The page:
I did look at the links provided though none seemed to point to a single snake containing two lines.

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" rf amps at the end of a run boost the unwanted signals as much as the wanted ones "

you do mean the distant (aerial) end, right?

yes, that is how it works...

but what happens is that at the receiver end of the coax, after the loss, you have what you would have had if the RX was where the pre-amp is.  one should use just enough amplification as there is loss to follow.  of course if you use higher Q preamps, they only amplify what is in their bandpass, thus reducing some interference at the distant end.

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Useful thread, the LMR cable looks like the go, LMR240 has a better spec for a 1 millimeter increase in diameter, might be a hassle if it doesn't fit easily available RG58 BNC connectors which the LMR195 and 200 will. Def much better loss specs all round compared to any other 50 ohm cable I have seen.

Connector loss is something I'd like to know more about though, especially in regards to making short link cables to provide better access points on the rear of the cart (instead of the back of a venue module or the zax equivalent etc). In these cases you would be adding in the loss of 2 further male bnc connectors and one female joiner. (Presuming the cable length being only a foot or so would be negligible).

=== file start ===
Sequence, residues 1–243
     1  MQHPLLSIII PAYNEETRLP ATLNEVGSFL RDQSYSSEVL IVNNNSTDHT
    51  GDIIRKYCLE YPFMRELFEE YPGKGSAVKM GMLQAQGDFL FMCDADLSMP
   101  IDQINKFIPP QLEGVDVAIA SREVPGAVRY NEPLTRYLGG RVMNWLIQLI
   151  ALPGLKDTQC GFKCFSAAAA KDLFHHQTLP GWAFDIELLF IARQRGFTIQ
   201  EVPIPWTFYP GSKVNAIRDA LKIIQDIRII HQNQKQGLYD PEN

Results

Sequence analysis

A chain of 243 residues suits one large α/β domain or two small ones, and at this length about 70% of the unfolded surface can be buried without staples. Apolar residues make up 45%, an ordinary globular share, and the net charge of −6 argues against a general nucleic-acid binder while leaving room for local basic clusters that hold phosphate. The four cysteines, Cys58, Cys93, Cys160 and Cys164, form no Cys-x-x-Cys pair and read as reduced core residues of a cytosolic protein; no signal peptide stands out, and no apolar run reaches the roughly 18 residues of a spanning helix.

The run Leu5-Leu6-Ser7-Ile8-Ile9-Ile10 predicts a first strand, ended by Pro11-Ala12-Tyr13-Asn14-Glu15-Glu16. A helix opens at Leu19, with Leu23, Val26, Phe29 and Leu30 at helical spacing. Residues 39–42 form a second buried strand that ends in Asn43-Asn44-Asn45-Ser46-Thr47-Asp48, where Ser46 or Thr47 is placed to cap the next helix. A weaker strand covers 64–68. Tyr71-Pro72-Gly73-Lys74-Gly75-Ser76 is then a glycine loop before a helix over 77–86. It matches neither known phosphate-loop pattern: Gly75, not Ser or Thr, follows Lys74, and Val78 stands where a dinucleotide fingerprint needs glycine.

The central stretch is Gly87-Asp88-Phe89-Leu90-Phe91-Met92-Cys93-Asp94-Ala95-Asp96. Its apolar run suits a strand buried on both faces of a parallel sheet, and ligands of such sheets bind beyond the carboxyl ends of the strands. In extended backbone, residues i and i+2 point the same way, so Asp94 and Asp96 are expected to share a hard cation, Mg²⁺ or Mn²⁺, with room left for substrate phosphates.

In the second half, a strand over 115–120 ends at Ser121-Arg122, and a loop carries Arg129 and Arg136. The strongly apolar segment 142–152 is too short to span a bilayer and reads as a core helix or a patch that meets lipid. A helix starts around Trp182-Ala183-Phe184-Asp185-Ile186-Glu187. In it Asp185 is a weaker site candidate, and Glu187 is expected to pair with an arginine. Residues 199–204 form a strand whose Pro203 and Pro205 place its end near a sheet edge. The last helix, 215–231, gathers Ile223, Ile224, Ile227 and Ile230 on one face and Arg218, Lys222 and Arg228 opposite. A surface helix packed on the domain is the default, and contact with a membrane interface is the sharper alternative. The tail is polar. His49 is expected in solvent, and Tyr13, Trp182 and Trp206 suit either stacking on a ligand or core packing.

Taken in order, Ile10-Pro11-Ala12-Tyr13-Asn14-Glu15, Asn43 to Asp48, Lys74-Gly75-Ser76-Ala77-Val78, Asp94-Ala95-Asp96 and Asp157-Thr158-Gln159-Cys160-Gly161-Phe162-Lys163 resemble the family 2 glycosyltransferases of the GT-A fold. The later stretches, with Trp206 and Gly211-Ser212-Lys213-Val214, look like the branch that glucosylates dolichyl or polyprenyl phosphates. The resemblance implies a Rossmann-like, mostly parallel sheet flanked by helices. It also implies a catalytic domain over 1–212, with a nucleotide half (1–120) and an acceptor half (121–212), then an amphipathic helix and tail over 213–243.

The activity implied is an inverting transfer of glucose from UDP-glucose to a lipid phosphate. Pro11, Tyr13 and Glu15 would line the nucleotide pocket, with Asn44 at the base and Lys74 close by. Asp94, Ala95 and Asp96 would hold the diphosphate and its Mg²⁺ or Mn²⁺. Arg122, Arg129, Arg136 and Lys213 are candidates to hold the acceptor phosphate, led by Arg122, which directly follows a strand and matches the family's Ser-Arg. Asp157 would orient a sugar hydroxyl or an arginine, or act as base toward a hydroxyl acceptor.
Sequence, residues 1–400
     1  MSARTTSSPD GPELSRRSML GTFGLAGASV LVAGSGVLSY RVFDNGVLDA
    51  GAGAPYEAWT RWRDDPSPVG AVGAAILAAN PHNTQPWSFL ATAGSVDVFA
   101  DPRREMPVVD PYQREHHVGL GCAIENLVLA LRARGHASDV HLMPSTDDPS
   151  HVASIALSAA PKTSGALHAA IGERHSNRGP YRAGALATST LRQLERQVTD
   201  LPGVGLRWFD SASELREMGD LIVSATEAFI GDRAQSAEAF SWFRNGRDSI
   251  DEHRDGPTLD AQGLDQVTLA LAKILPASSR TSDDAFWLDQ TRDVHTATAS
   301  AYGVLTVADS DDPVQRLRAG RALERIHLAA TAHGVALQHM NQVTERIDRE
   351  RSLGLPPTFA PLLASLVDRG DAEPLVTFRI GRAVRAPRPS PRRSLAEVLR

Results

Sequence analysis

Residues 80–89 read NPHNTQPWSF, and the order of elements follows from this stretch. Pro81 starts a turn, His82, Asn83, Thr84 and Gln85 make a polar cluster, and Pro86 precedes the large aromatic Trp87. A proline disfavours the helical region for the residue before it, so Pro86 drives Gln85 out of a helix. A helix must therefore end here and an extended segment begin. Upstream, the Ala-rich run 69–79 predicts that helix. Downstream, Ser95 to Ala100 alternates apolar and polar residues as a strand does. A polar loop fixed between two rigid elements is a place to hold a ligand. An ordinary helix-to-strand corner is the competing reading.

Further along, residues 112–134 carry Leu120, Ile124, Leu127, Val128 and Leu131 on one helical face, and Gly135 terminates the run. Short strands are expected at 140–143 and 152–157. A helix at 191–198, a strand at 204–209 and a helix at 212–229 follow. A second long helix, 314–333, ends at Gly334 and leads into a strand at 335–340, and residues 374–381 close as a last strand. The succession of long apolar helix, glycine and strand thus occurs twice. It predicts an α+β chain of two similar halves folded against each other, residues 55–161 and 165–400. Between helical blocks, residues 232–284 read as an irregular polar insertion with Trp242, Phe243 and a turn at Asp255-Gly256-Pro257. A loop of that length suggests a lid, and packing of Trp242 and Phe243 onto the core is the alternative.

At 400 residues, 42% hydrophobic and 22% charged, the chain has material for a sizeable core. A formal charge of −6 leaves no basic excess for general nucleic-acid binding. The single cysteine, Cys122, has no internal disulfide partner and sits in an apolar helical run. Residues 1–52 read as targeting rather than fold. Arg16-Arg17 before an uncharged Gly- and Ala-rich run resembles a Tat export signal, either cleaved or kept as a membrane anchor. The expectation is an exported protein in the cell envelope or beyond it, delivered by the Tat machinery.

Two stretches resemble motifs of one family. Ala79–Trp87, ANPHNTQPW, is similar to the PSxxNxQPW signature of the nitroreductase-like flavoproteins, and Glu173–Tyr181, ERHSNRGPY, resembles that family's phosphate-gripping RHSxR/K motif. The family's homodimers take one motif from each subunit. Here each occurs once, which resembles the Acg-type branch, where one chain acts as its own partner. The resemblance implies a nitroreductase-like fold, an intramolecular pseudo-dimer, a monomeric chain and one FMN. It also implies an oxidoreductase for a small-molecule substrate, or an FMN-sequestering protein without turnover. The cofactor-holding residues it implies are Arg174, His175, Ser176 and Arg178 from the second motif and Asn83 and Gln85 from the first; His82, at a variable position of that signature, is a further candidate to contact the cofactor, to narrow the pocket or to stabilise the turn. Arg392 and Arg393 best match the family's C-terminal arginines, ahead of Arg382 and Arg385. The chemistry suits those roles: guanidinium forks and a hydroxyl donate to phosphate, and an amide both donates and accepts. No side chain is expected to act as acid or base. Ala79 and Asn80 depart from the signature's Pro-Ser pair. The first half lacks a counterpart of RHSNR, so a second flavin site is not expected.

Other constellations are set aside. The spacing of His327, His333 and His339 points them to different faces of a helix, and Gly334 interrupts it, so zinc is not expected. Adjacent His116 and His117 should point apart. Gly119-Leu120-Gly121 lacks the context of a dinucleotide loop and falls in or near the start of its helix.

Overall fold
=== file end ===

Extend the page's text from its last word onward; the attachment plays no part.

Seasons Greetings to all,

Chris.

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I've always heard that each jumper is a 3db loss, but it's possible I only heard that in my head after many good tequilas.

Useful thread, the LMR cable looks like the go, LMR240 has a better spec for a 1 millimeter increase in diameter, might be a hassle if it doesn't fit easily available RG58 BNC connectors which the LMR195 and 200 will. Def much better loss specs all round compared to any other 50 ohm cable I have seen.

Connector loss is something I'd like to know more about though, especially in regards to making short link cables to provide better access points on the rear of the cart (instead of the back of a venue module or the zax equivalent etc). In these cases you would be adding in the loss of 2 further male bnc connectors and one female joiner. (Presuming the cable length being only a foot or so would be negligible).

Seasons Greetings to all,

Chris.